Buddhism is popularly seen as a religion stressing the truth of impermanence. How, then, to account for the long-standing veneration, in Asian Buddhist communities, of bone fragments, hair, teeth and other bodily bits said to come from the historic Buddha? Early European and American scholars of religion, influenced by a characteristic Protestant bias against relic worship, declared such practices to be superstitious and fraudulent, and far from the true essence of Buddhism. John Strong`s Book, by contrast, argues that relic veneration has played a serious and integral role in Buddhist traditions in south and Southeast Asia and that it is in no way foreign to Buddhism. The book is structured around the life story of the Buddha, starting with traditions about relics of previous buddhas and relics from the past lives of the Buddha Sakyamuni. It then considers the death of the Buddha, the collection of his bodily relics after his cremation, and stories of their spread to different parts of Asia. The Book ends with a consideration of the legend of the future parinirvana (extinction) of the relics prior to the advent of the next Buddha, Maitreya. Throughout, the author does not hesitate to explore the many versions of these legends and to relate them to their ritual, doctrinal, artistic, and social contexts. In 1561, an interesting ceremony ing a military operation in Sri Lanka, Portuguese troops had captured what local idolaters (i.e., Buddhists) claimed was the tooth of the Buddha, and had delivered it as a prize to their viceroy, Don Constantino da Braganca. The viceroy had hoped to hold it for ransom, but now the archbishop of Goa, Don Gaspar, was insisting that it be destroyed. On a porch overlooking the river, in the presence of a great crowd of Christians and pagans, he called for the tooth and placed it in a mortar, and with his own hand reduced it to powder, and cast the pieces into a brazier which stood ready for the purpose; after which the ashes and the charcoal together were cast into the river, in sight of all those who were crowding the verandahs and windows which looked upon the water (Tennent 1859, 2:215. See also chapter 7 in this book). As benighted as such an action may seem to us today, it can at least be said that the Portuguese archbishop appreciated the nature of relics. Conscious of the power of holy objects from his own tradition, he felt that the tooth had to be utterly and permanently eradicated. In his mind, this was not just a piece of bone that he was destroying but a relic of the devil (reliquia do demonio) something alive that had to be killed (Tennent 1859, 2:214; text in De Couto 1783, 17:429) Rather different were the attitudes of some of Don Gaspar`s Protestant contemporaries in Europe. John Calvin, to my knowledge, never said anything about Buddhist relics, but in 1543 he wrote a whole treatise on Roman Catholic ones (Calvin 1970). And although he too, given the chance, would probably have crushed the Buddha`s tooth to bits, he would have done so for different reasons. For him, relics embodied no sacred or even demonic presence, and it was wrong and exploitative to pretend that they did. Relics were nothing but material things, as he pointed out when he got rid of what had been two of Geneva`s prized relics-the arm of Saint Anthony and the brain of Saint peter; the one, he proclaimed, was but the bone of a stag, and the other a piece of pumice (Calvin 1970:53) Contents List of Tables, Preface, Note and Abbreviations, Introduction: Relics of the Buddha, Relics and the Biographical process, Types of Buddha Relics, Bones and Books, Bones and Beads, Relics, Bones, and Burial Practices in India and Beyond, Bones and Bodies, Relics and images, Limitations of this study, outline, 1. Relics of previous buddhas, 2. Relics of the Bodhisattva, 3. Relics of the Still-Living Buddha: Hairs and Rootprints, 4. The Parinirvana of the Buddha, 5. Asoka and the Buddha Relics, 6. Predestined Relics: The extension of the Buddha's life story in some sri lankan traditions, 7. Further Extensions of the Buddha's Life Story: Some Tooth Relic Traditions, 8. Relics and Eschatology, Conclusions, Bibliography, index.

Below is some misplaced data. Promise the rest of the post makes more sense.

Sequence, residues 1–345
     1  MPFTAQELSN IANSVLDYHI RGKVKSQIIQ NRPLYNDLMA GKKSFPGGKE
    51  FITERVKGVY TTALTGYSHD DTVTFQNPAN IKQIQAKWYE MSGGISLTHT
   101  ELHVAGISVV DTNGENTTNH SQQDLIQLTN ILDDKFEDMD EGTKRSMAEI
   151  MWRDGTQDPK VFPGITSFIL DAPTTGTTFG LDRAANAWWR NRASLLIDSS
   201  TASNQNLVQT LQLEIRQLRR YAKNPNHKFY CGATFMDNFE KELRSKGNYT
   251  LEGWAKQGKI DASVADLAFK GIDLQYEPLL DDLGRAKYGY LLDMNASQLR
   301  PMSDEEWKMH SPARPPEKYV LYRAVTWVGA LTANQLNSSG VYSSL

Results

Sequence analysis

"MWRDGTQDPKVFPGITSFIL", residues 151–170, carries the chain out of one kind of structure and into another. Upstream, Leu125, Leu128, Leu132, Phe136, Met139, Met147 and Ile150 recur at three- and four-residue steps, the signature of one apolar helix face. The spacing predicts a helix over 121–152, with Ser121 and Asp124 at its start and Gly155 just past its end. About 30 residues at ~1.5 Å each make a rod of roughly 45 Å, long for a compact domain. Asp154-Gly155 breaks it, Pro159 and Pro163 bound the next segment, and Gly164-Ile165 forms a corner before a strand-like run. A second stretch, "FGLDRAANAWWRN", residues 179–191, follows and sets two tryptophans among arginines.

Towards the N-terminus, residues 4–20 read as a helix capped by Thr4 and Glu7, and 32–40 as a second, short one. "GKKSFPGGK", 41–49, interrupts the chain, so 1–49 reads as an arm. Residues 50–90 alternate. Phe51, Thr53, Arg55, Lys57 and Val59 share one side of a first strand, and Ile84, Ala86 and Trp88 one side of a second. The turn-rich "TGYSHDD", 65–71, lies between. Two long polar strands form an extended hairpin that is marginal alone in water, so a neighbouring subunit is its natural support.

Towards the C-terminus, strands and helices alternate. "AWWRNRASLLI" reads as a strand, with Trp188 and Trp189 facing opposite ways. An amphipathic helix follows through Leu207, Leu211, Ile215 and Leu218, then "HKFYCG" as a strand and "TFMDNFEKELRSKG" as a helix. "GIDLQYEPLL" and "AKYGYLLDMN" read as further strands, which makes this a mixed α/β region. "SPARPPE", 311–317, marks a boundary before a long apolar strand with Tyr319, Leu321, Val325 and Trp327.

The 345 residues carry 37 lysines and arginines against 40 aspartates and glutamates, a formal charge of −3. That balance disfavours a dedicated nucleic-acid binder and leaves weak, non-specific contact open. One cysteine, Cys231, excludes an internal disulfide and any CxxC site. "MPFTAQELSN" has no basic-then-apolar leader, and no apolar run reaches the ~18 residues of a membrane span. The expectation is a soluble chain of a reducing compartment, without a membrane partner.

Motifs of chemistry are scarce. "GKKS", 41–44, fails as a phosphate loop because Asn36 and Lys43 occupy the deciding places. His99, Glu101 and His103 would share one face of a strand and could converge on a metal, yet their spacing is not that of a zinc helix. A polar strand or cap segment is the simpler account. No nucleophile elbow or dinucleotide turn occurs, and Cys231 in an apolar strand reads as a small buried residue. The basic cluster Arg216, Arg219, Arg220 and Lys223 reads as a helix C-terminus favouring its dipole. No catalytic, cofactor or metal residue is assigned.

Author: Thomas E. A. Dale
Publisher: Princeton University Press
Release Date: 1997
Against a historical backdrop of relic theft and propaganda campaigns waged by two cities vying for patriarchal authority in medieval Venetia, Thomas Dale shows how Romanesque mural painting shaped sacred space and institutional identity. His focus is on the late twelfth-century murals in the crypt of Aquileia Cathedral. The crypt, which contains the relics of Aquileia's founding bishop, Saint Hermagoras, has a historical significance rooted in a legend identifying the saint as a direct disciple of Saint Mark the Evangelist. On this basis, the Carolingians promoted the city's status as patriarchal see of Venetia--a claim that prompted Venice to steal Mark's relics from Alexandria, Egypt, and appropriate Aquileia's history. This book, the first English-language study of the crypt, explores how the paintings complement the relics of Hermagoras in their distinct devotional and political roles. Hermagoras's intercessory power is activated by his orant image displayed over the central aisle within a larger hierarchy of apostles, martyrs, and bishops. The surrounding hagiographic cycle justifies in legalistic fashion Aquileia's patriarchal title and the consecration of the city as locus sanctus of Venetia by the blood of its martyrs. The iconic images in the eastern lunettes present the Virgin's compassio as a pictorial model for the vicarious experience of Christ's Passion. Finally, a fictive curtain over the socle presents allegories of spiritual warfare in the form of exempla from crusades, pilgrimage, and the epic poem Psychomachia, which Dale analyzes as a gloss on the main program.